David H. Webber

The recent financial crisis has jeopardized the retirement savings of twenty-seven million Americans who depend on public pension funds, leading to cuts in benefits, increased employee contributions, job losses, and the rollback of legal rights like collective bargaining. This Article examines ways in which public pension funds invest against the economic interests of their own participants and beneficiaries, and the legal implications of these investments. In particular, the Article focuses on the use of public pensions to fund privatization of public employee jobs. Under the ascendant—and flawed—interpretation of the fiduciary duty of loyalty, public pension trustees owe their allegiance to the fund itself, rather than to the fund’s participants and beneficiaries, notwithstanding the fact that the duty of loyalty commands trustees to invest “solely in the interest of the participants and beneficiaries” according to ERISA and similar state pension codes. I argue that this “fund-first” view distorts the duty of loyalty and turns the role of trustee on its head, leading to investments that undermine, rather than enhance, the economic interests of public employees. I turn to ERISA, trust law, agency law, and corporate law to argue that public pension trustees should consider the impact of the funds’ investments on the jobs and job security of the funds’ participants and beneficiaries, where relevant. I also adduce evidence that these controversial investments are widespread. I propose that public pension funds be governed by a “member-first” view of fiduciary duty focused on the economic interests of public employees in their retirement funds, which go beyond maximizing return to the funds. I argue that this view is more faithful to the original purpose of the duty of loyalty than is the fund-first view. I suggest ways to implement the member-first view, discuss potential extensions beyond the jobs impact of investments, and assess the proposed reform’s practical effects.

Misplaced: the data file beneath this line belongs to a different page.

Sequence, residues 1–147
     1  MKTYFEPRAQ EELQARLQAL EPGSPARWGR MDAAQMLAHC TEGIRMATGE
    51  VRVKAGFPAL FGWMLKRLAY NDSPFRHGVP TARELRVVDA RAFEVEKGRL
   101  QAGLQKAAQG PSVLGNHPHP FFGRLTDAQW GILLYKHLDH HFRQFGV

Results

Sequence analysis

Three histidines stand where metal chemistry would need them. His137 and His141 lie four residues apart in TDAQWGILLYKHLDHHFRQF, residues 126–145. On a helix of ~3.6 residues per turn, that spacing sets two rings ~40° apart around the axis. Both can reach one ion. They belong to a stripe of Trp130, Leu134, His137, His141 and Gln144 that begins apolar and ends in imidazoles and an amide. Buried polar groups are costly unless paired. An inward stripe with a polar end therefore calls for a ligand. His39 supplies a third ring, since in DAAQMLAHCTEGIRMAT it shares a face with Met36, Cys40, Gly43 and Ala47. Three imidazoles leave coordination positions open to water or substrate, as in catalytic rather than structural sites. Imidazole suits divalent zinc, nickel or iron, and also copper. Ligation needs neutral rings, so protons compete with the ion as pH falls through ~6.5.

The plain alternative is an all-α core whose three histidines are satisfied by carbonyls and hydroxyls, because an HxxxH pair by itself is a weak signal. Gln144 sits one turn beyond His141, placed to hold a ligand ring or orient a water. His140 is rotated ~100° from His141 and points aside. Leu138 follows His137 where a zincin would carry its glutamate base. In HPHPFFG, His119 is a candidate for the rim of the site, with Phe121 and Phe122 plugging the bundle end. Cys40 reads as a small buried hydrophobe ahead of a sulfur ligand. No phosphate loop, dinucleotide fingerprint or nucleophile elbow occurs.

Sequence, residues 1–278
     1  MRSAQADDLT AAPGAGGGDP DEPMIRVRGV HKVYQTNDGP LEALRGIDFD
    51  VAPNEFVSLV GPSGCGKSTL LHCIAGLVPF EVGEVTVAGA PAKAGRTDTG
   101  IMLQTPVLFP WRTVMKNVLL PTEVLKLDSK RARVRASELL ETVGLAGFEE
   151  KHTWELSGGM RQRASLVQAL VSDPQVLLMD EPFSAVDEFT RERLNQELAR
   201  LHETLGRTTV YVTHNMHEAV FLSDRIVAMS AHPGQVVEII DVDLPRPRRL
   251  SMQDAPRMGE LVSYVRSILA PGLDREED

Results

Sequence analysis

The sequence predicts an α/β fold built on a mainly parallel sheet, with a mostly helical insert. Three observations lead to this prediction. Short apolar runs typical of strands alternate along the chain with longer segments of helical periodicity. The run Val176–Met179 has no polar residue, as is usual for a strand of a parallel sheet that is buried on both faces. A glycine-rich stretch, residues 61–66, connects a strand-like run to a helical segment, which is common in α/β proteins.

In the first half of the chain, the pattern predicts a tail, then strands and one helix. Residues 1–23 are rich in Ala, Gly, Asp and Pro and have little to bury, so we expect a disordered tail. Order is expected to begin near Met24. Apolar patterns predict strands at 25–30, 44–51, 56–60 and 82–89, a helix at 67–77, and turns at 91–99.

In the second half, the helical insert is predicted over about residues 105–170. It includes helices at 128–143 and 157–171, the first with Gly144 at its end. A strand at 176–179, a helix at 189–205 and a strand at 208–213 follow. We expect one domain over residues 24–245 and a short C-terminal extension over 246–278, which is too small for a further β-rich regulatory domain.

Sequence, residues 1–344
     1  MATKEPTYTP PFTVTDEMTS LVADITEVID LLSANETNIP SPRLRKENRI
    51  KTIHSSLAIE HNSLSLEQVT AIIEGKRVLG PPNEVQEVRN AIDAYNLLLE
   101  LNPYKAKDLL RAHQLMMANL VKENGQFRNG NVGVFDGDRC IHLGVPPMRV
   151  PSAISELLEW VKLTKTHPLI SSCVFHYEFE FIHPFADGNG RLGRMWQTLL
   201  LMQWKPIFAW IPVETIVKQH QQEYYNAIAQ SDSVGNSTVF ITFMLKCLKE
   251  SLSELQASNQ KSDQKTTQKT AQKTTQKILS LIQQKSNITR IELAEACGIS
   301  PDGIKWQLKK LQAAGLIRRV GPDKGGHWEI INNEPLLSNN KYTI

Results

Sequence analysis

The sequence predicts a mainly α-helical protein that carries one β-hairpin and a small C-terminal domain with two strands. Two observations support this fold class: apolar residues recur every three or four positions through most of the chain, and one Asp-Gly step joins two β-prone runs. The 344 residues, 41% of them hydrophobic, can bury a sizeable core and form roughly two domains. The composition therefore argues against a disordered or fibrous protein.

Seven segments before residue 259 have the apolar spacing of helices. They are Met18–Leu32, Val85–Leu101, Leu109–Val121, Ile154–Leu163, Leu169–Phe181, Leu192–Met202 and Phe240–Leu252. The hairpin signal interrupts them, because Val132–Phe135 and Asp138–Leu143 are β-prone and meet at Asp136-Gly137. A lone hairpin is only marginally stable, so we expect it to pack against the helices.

Peter Kauffman

To have a strong public education system, it is imperative to recruit and maintain high-caliber public school teachers and ensure that school administrators can terminate underperformers. Teachers unions have contributed to this effort by increasing professionalism in teaching and giving teachers a role in school management, but they have also detracted from it by making it too difficult to terminate incompetent teachers. Nonunionized charter schools that employ teachers at will, on the other hand, may leave teachers vulnerable to arbitrary or malicious terminations. Unionized charter schools, a relatively recent phenomenon, produce teacher contracts that, as the result of labor negotiations between two prominent players in education, could provide valuable lessons for reform to the American public education system. This Note’s analysis of contracts from the unionized charter schools in New York City reveals that they provide teachers with more job protection than employment at will but far less than provided in the public school union contract. Traditional public schools and unions should reform their collective bargaining agreements to provide a level of job security similar to that in the unionized charter school contracts. This may create the right balance between allowing principals to terminate incompetent teachers and protecting teachers from arbitrary or malicious terminations.